#TransitionFashion. How you execute it depends largely on the region you’re in and how the season change (if you have seasons where you are LOL).
Don’t be afraid to juxtapose!
Sweater x Shorts. Beanie x Tank. Recently @beyoute rocked a scarf with a crop top.
Repost from @missmuneypenny: ::: satisfied customer 😀 … Thanks @taelordexistence :::
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On Mental Health, Visibility, and Nicole Beharie’s Limitless Talent: A Conversation with Apartment 4E’s Russell Sharman & Christopher Domig [Part I]
“Tell me how you really feel.” It’s a rebuttal laced with sarcasm, used in response to the transparent obviousness of someone’s true feelings and thoughts, regardless of what is actually being communicated.
Have you ever wondered how people in general feel about mental illness? Minorities? The disabled? Other marginalized groups? You don’t really need to wonder. Turn on the TV, read the news, check the comments section of a YouTube video. The problem, according to researchers, is that often these feelings are based in fallacy, twisted logic and skewed point of views grown from general misinformation and media-promoted inaccuracies.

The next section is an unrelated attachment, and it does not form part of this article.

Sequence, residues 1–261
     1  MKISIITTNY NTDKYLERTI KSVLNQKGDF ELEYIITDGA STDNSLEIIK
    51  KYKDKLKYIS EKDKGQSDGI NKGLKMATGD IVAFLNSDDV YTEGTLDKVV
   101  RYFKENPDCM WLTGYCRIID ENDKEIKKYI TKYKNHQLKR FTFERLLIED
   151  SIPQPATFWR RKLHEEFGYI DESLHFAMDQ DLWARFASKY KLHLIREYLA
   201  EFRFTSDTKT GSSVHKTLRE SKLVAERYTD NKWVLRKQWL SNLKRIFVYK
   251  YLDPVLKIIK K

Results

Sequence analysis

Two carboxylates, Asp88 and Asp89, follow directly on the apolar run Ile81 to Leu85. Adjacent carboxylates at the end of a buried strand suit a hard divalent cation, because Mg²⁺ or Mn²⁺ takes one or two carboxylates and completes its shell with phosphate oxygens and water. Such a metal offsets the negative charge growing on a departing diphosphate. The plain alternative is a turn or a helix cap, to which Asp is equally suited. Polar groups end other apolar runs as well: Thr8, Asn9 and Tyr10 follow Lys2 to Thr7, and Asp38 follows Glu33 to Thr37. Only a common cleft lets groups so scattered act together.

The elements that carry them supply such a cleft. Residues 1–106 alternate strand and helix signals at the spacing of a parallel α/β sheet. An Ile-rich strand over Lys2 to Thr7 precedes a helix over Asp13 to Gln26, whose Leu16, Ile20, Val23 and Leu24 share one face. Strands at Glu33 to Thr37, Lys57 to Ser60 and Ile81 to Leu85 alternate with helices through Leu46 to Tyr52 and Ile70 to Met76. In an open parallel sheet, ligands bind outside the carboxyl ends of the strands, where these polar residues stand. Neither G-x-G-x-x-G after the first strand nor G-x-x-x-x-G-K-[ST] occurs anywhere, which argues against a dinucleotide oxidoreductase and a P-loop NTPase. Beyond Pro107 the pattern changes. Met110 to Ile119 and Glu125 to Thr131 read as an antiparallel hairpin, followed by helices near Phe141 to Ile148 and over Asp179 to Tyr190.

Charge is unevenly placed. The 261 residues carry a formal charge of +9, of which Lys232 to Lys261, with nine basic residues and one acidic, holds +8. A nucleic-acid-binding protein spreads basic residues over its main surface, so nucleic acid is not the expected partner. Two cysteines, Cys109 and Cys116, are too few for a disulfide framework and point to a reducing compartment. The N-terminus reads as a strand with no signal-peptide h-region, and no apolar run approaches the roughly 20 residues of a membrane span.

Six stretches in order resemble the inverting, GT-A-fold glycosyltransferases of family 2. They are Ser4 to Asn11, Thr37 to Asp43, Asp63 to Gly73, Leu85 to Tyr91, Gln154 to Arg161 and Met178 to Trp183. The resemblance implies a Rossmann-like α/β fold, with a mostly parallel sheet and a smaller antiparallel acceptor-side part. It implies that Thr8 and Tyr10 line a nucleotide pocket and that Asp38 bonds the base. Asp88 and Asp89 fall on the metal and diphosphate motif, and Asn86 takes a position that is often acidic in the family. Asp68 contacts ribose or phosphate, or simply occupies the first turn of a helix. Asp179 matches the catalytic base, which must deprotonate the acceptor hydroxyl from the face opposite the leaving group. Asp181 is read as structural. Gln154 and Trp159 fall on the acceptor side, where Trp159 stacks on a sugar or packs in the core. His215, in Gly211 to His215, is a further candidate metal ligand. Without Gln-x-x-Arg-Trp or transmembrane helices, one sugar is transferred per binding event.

In 2012 Nicole Beharie starred in the off-Broadway-play-turned-film, Apartment 4E, in which she plays Piper, a suicidal shut-in suffering from “Bipolar disorder with a touch of OCD.”
Originally titled, Small of her Back, Apartment 4E serves as the writing and directorial debut for indie filmmaker, Russell Leigh Sharman. Starring opposite Beharie is veteran stage actor, Christopher Domig, who plays the part of John Sharp. John knocks on Piper’s door one night and introduces himself as the therapist brother of Mollie, a woman Piper met in an online chat room “three months and a week ago.”
Whoops. Forgot to mention we put this up on the store for those who requested one.
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When I tell you GROWN.
He was DETERMINED to carry this, which is KLEARLY the same size as him. LOL So I let him & he actually did it. :0) #proudofmypoohpooh #PREAUX
"Never be afraid to apologize to your child. If you lose your temper and say something in anger that wasn’t meant to be said, apologize. Children need to know that adults can admit when they are wrong."